1001 Nights is an enchanting new adaptation of the Arabian Nights folk tales for children by Transport Theatre, now playing at venues around the UK and at London’s Unicorn Theatre from June 5-22. I caught up with director Douglas Rintoul.
What attracted you to this particular story?
Last year I was approached by the Unicorn Theatre, London (our co-producers), to make a new play based on the collection of stories we know as The One Thousand and One Nights or The Arabian Nights. These stories began as folk tales from the oral traditions of Egypt, Syria, Iraq, India, Persia and Mesopotamia. They were first written down as collections by unknown authors around 1,200 years ago. It was a daunting prospect as there are hundreds and hundreds of stories.
On reading over 1,500 pages of the original texts, it became clear that they were more than the fanciful stories I remembered from Disney films. These stories – stories about stories, and stories within stories – seemed to have a magical power to make sense of our complex world, often exploring themes of war, exile, journey, lost loves, longing and loneliness and reunification. Thinking about how alive these stories have been for hundreds of years, how they have time travelled and crossed countries, how they have constantly evolved, been changed and remade by storytellers, writers, film and theatre makers, it seemed fitting to make our own version.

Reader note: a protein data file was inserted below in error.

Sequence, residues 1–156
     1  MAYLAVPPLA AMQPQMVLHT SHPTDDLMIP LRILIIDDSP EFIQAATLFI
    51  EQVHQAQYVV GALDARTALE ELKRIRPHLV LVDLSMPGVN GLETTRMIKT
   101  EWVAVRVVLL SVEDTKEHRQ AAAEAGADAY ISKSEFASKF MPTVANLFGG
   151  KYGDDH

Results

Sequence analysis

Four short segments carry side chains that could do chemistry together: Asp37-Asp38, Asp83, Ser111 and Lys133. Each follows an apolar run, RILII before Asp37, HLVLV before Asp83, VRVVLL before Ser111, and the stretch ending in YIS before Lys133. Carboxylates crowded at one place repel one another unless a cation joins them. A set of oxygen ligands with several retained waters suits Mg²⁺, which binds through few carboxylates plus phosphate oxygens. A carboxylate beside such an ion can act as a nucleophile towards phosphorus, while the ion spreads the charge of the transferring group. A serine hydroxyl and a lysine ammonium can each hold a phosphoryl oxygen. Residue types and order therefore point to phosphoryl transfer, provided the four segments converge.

Why do you think the Arabian Nights folk tales have captured the imaginations of so many over the years?
They are so magical, surprising and touching. When you read them they’re real page turners, because they are unpredictable and very inventive. They have these brilliant flights of imagination contained within them.
What is unique about your version of the tales?